Posts Tagged With: disability

Gorgeous Reviews–and the Process

“Marie and Mr. Bee confirms again the power of great story-telling to open up our world, teach us, and help us grow.”   ~KAB

Regular Cover Marie and Mr. Bee

 

First, let me thank everyone who helped me choose the cover. What you see here is the semi-final one, and the slight changes (addition of a sticker to the Regular Version and a small change in the wording for the Proverbs 12:14b Version) should be done soon.

And now let me share a sampling of the gorgeous reviews Marie and her forest friends have garnered, and the process behind getting them.

Thanks to an engaging story, complemented by delightful illustrations, young readers will be so busy turning pages they won’t even realize they’re taking in some of life’s most valuable truths. All sorts of important ideas pop up while Marie and her friends play and work in the forest: the power of choice, the treasure of friendship, the capabilities of “disabled” children, what kindness looks like.   ~KAB

Marie and Mr. Bee is a powerful children’s story by Margaret Welwood that has many lessons not only for children but for parents and educators.  ~GB

It teaches children the redemptive quality of a good friendship and how to be a good friend by following Marie’s example.  ~DW

I love that the main character has a handicap, but doesn’t allow it to get in her way of accomplishing good and living life with purpose.   ~LP

Reminiscent of Aesop’s fable about the Grasshopper and the Ant.   ~BV   

I think this is the first child’s book I’ve seen where the main character is in a wheelchair (although not mentioned, just by the picture) showing that a handicap doesn’t necessarily keep one from chores and fun times. . . .The pictures are adorable and I like the way lessons are subtly woven within the story—temptations, friendships, compassion, forgiveness, restoration, establishing a strong work ethic, integrity, and building one’s own character.   ~TR

I highly recommend this powerful little book.   ~CA

Please check out more comments about the  Proverbs 12:14b Version and the Regular Version.

The process? It was–no, is–long. I still have more people to contact. No mass e-mails here.

  1. I sought out like-minded authors and book bloggers on Facebook and other social media. Facebook proved the most beneficial for this exercise.
  2. I (sincerely) Liked their posts, commented on them, and shared them.
  3. I asked for permission to send a free pdf, describing the story and, if approaching them on FB, attached a picture of the cover or one of the first pages. I didn’t usually ask for a review up front, but rather for permission to send the pdf for their “consideration for review.” I mentioned that the pdf was 24 pages, mostly pictures.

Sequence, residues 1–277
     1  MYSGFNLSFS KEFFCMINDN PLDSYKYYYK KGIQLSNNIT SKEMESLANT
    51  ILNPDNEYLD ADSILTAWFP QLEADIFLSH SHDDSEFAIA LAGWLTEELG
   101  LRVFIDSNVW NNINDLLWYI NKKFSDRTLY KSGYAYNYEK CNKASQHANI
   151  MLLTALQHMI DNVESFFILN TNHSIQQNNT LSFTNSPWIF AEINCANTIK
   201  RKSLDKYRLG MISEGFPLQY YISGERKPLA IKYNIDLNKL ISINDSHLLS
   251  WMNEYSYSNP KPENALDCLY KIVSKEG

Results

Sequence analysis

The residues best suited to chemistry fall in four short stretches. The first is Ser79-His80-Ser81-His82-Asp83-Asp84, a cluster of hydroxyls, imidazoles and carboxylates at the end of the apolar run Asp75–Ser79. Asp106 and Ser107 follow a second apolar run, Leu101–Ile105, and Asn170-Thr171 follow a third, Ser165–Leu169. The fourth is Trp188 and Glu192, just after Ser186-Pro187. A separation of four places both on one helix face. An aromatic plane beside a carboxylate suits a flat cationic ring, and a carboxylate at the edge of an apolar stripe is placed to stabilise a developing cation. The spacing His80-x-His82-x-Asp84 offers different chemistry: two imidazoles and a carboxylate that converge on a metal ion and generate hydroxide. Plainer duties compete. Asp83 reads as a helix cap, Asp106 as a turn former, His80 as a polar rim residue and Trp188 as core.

4. If the person granted permission I sent the pdf, asking for a review “if you feel the story has merit.” (I didn’t want to create a sense of obligation in those I contacted.) The pdf was often attached to a former e-mail so there would be no surprises when it came. If the pdf was going to someone I met on FB, I started by thanking them for granting me permission to send it.
  5. I followed up those who said they’d be willing to post a review, letting them know when the book would be–or if it already was–on Amazon. This e-mail was also attached to the thread, to remind recipients what they had committed to doing and to give them another chance to open the pdf. (I’m still working through the list of pdf recipients who indicated a willingness to review.)
  6. I thanked the reviewers privately unless I didn’t know who had posted the review. Yes, we’re told not to contact reviewers, but it was important to me to thank the people who’d taken the time to give their support. I did not, however, argue or comment on any of the gentle criticism I received.

Lessons learned:

  1. People respond well the personal touch, and seem to know when it’s genuine.
  2. This is a good way to find truly interested and supportive online friends.
  3. Coralie’s art helped the process by both attracting people and arousing their curiosity.
  4. Parents and caregivers of children with disabilities want these children seen as working and playing, loving and learning like everyone else.
  5. There’s a lot of goodwill out there.
  6. It pays to listen to and learn from others. One kind editor advised me against the original title, Marie and Mr. Drone, and a FB poll proved him right. Almost everyone–including the children of a beekeeper– thought of drones as machines, even when they were looking at the book cover. And Literary Strategist Tom Blubaugh has taught me much about online networking. I have not only learned from him, but learned from him how to learn from others.

“No man is an island.”   ~John Donne          boats to island

 

 

 

Advertisements
Categories: Journey | Tags: , , | 10 Comments

Blog at WordPress.com.